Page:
A recent op-ed in the University of Pennsylvania's student paper, written by an unhappy student of color, paints a frustratingly bleak portrait of the emotional state of the modern campus liberal.
That student, James Fisher, claims that the recent semester was the worst he's had at college so far, and for one reason: Several of his white professors caused him to feel marginalized and traumatized.
Why? It's not entirely clear. Nor is it obvious what should be done about it, or even what Fisher would like done about it.
"Imagine being a black student on Penn's campus with even one of these types of professors," wrote Fisher. "I had three. And each one of those professors either did not care to learn about their white privilege, or lied to me and said that they did."
What cause does Fisher have to presume his professors were lying about their disinterest in issues of privilege? He does not say.
Perhaps the professors made offensive statements or used racially charged language? Nope.
"They think that by not saying racist comments in class, they are doing good," wrote Fisher. "Not knowing that that half-hearted attempt further contributes to the oppression that I experience in my predominantly white classrooms."
It seems like Fisher has constructed a lose-lose scenario for his professors. If they make racist comments, they would no doubt be marginalizing him. But if they refrain from making racist comments, they are also contributing to his oppression.
Fisher went on to accuse one of his professors of "perpetuating these systems of oppression in class." Why? The professor showed images of plantation slaves, and also permitted other students to "say ignorant comments."
Fisher evidently told the professor that this wasn't OK—the professor had an obligation to silence other students in order to protect Fisher from mental anguish. The professor tried to console Fisher, but to no avail. As a result, Fisher stopped going to class.
"I stopped going to his class for a month," he wrote. "With different emotions going through my head from not only this class but from the Trump election, I did not want to step foot into another white space until I made sure that my mental health was restored."
Readers might find it incredible that a college student could remain a college student even after he stopped attending class for a month because he was offended by some of his peers. But the professor's flexibility wasn't sufficient for Fisher.
"It is not enough that you gave your black students extensions on their papers because Trump got elected," he wrote.
Nothing is enough, it seems:
It is not enough to be aware of your privilege. It is also not enough to be a nice person. Your niceness does not mean that you are not capable of contributing to racial systems of oppression.
It is not enough that you are sorry for the injustices caused by your people. It is not enough that you read one article on the Black Lives Matter movement because your black friend recommended it to you. It is not enough that you gave your black students extensions on their papers because Trump got elected.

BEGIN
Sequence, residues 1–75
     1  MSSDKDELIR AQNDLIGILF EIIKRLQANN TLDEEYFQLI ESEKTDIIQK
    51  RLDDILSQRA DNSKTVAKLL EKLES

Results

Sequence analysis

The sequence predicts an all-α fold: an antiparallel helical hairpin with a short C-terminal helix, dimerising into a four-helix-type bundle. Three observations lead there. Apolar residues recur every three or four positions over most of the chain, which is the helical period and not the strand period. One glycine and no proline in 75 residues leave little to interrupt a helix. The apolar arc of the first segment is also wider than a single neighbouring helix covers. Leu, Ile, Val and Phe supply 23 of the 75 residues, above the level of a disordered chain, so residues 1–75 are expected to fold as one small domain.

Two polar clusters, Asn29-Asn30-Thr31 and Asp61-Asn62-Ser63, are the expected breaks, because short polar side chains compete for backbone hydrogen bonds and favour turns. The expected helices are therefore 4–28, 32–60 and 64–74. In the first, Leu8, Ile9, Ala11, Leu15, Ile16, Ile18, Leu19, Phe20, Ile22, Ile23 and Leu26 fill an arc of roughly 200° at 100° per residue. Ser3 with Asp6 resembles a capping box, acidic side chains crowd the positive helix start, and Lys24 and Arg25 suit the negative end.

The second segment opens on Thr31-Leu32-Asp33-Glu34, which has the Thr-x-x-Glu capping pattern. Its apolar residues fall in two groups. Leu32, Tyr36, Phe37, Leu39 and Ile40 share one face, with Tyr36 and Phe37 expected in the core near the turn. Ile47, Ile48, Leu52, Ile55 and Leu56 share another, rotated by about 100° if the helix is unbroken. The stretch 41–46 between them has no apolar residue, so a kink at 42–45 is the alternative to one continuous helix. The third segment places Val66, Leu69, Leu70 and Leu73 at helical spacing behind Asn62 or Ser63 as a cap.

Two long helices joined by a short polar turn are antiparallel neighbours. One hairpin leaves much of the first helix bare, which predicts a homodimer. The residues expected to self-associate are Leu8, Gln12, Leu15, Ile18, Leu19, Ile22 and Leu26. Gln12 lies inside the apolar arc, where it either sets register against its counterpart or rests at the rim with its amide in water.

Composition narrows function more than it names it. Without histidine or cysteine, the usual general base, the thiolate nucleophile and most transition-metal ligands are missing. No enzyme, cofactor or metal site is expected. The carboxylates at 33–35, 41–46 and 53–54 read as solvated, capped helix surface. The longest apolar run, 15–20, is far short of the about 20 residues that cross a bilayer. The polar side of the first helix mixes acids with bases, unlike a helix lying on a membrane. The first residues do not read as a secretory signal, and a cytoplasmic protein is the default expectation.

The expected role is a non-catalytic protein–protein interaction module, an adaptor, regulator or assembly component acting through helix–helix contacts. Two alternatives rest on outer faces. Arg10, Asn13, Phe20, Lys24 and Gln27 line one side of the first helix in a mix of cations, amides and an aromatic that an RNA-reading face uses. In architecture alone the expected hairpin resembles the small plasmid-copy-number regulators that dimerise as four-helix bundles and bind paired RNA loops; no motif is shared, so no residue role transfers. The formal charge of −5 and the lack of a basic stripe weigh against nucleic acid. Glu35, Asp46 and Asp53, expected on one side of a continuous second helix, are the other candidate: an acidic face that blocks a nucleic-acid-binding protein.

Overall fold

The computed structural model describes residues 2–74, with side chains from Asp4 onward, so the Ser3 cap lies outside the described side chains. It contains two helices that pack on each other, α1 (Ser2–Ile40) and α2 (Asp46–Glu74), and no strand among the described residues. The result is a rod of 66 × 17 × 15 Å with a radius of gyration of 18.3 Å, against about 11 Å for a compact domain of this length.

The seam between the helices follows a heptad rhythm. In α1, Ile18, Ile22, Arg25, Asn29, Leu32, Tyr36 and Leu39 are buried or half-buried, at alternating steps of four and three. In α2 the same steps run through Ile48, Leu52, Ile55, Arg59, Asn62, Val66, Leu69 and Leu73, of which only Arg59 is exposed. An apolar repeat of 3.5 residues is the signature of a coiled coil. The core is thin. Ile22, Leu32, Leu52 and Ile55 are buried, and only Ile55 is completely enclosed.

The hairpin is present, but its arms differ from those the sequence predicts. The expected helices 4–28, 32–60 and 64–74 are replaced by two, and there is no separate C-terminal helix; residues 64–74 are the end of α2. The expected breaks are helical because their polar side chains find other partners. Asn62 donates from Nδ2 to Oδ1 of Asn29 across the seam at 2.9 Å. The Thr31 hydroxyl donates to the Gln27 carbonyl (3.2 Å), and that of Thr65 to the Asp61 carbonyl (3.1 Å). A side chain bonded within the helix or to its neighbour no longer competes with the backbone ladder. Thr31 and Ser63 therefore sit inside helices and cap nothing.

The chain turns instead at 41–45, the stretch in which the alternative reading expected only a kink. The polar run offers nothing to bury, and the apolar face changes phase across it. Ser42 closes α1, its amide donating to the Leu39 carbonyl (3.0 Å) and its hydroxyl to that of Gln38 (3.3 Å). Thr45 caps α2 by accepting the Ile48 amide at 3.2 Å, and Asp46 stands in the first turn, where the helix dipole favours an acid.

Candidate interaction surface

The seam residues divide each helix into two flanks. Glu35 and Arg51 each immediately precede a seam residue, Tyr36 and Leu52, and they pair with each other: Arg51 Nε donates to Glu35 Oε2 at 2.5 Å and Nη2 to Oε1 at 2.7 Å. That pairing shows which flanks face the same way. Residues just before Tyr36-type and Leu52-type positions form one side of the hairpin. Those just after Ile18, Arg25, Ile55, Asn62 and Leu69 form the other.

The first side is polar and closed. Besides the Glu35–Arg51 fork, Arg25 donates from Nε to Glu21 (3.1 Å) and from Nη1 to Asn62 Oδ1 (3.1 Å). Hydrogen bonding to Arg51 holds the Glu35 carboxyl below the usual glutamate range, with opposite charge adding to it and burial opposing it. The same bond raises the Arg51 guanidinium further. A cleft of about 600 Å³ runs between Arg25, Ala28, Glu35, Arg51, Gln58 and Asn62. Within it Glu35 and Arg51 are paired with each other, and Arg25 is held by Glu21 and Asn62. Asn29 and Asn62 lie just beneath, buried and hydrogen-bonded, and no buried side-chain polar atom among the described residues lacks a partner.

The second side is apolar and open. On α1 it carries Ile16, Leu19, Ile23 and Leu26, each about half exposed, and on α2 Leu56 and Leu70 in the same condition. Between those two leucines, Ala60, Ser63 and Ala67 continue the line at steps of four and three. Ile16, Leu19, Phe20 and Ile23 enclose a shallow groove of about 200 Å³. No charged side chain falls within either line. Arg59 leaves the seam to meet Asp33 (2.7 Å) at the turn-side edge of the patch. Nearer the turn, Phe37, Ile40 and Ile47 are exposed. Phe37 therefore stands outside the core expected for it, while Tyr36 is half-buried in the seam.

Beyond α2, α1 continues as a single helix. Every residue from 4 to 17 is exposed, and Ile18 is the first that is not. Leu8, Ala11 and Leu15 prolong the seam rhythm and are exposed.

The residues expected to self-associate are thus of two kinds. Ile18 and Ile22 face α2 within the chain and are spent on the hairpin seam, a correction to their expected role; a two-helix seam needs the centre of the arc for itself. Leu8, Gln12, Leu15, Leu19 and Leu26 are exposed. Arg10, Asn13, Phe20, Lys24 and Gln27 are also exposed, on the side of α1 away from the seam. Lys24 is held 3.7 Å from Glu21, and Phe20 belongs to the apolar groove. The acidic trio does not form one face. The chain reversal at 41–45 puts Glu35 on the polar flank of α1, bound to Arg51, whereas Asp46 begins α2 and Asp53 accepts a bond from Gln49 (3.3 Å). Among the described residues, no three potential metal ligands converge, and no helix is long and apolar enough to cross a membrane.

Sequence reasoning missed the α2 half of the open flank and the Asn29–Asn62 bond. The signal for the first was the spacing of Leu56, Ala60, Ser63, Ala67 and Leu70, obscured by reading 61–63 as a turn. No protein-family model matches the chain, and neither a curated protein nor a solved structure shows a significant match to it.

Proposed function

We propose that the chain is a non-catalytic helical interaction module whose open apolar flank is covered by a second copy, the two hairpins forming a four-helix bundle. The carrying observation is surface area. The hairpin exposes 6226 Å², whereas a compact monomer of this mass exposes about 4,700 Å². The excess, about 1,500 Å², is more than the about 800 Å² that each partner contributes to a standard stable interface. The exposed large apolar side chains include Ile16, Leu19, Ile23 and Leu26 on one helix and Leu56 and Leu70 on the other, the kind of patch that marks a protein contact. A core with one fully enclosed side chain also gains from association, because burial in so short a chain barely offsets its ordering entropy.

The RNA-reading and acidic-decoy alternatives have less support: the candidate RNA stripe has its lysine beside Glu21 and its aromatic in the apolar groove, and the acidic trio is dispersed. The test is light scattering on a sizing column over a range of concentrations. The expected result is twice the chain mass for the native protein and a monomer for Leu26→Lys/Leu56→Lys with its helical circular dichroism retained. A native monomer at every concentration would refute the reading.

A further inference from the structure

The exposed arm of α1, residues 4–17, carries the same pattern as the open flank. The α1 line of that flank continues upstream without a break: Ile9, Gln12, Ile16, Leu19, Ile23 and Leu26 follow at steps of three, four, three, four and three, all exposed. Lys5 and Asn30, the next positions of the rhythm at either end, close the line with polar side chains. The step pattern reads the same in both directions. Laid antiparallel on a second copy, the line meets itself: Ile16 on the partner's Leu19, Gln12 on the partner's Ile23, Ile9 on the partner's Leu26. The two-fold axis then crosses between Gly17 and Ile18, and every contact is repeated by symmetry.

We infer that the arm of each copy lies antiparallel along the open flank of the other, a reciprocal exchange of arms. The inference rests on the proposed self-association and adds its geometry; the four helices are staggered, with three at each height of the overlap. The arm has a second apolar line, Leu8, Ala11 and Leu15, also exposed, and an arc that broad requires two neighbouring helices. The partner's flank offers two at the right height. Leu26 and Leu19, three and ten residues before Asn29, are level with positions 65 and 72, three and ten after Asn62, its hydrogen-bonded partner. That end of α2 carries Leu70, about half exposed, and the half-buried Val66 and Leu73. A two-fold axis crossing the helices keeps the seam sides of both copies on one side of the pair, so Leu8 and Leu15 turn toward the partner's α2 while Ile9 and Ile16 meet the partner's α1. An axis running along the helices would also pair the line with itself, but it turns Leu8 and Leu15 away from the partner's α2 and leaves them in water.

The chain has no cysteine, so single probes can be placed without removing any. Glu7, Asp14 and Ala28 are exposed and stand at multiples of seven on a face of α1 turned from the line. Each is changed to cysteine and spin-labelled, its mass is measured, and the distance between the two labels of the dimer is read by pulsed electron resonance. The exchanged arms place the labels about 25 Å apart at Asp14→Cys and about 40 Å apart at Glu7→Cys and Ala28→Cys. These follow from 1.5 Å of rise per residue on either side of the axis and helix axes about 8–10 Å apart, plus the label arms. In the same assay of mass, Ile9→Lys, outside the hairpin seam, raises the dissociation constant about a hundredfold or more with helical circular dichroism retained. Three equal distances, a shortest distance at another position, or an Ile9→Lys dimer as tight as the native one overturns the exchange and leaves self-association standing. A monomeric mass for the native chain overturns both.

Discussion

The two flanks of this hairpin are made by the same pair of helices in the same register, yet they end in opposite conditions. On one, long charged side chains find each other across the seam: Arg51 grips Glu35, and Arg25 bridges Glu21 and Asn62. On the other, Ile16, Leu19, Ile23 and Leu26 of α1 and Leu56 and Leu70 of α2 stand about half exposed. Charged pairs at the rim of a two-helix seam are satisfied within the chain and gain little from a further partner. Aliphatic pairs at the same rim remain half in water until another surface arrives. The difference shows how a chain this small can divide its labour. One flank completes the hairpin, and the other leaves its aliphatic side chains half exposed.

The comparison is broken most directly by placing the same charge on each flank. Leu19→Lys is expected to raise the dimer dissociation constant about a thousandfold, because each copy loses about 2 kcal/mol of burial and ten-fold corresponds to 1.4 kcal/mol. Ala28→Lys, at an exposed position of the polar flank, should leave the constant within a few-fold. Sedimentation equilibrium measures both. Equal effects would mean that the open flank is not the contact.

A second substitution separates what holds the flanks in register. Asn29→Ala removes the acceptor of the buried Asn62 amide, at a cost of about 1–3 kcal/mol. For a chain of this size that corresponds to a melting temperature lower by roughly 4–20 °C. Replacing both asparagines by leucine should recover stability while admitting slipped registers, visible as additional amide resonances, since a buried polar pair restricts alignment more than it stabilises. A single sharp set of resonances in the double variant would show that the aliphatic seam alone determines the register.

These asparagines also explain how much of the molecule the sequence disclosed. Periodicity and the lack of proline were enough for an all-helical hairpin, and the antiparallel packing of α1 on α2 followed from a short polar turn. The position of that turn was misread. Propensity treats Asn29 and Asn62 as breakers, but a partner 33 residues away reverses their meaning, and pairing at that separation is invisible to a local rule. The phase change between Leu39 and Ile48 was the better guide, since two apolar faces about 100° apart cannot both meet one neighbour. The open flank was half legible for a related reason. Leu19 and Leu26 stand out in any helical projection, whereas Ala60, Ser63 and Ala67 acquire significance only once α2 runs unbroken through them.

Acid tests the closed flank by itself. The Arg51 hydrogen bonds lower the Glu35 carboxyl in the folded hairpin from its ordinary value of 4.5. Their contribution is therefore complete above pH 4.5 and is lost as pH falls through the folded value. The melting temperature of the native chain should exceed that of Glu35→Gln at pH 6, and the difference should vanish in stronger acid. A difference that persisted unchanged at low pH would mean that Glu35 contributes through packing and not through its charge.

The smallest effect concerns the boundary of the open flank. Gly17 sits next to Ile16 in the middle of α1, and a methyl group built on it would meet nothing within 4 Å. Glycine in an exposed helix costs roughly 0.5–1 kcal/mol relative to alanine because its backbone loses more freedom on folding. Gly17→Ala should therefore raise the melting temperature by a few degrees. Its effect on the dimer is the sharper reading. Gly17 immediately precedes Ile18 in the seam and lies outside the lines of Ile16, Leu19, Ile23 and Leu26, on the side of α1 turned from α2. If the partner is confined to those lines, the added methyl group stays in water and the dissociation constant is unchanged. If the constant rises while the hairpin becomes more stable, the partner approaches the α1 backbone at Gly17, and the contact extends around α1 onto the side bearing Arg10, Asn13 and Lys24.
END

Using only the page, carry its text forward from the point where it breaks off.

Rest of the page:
The truth is, you as a single person cannot make up for the horrific things that white people have done to us throughout human history. But that does not mean that you do not have the power to stop yourself from oppressing the students that you teach every day.
You have to be invested in stopping racism and oppression every day, not just on your free time.
I think even a reader whose sole goal was to please Fisher would be frustrated by this column. That's because the student utterly fails to explain what he wants out of his college experience. What could his professors do to assuage his feelings of trauma? He never says. Being aware of privilege, reading about the Black Lives Matter movement, granting extensions to students of color in the wake of Trump's election, and being nice are all insufficient tactics, according to Fisher.
I don't mean to come down too harshly on a single student who's having a rough time. It could be the case that the university is doing a particularly bad job of providing him with the resources he needs to succeed. But this column doesn't do an adequate job of making the problem relatable to readers.
The College Fix reached out to Fisher for comment, asking him to elaborate on how he felt. Fisher evidently bristled at the suggestion that the answer wasn't obvious.
"I get that you're always searching for us [minority students] to get the answer," he told The College Fix, "when all you have to really do is just shut up and listen."
That's a frustrating non-answer: The College Fix was listening. People like me who read Fisher's column were listening. But no useful answer came. This of course makes it harder to take complaints bout marginalization and emotional trauma seriously. When students claim victim status, it often comes across like this is the goal in and of itself, rather than the means to some end.
College classes are supposed to consist of dialogue between highly-learned experts—the professors—and curious, bright novices—the students. No one should really be shutting up, least of all the people teaching the classes. While it's true that professors have a lot to learn from their students, leftist students increasingly seem to hold the attitude that the purpose of higher education is to reinforce the ideas they already have and shut out all contrary voices.
Such an attitude will leave them ill-equipped for the real world, where the trauma of encountering an uncomfortable notion is unavoidable.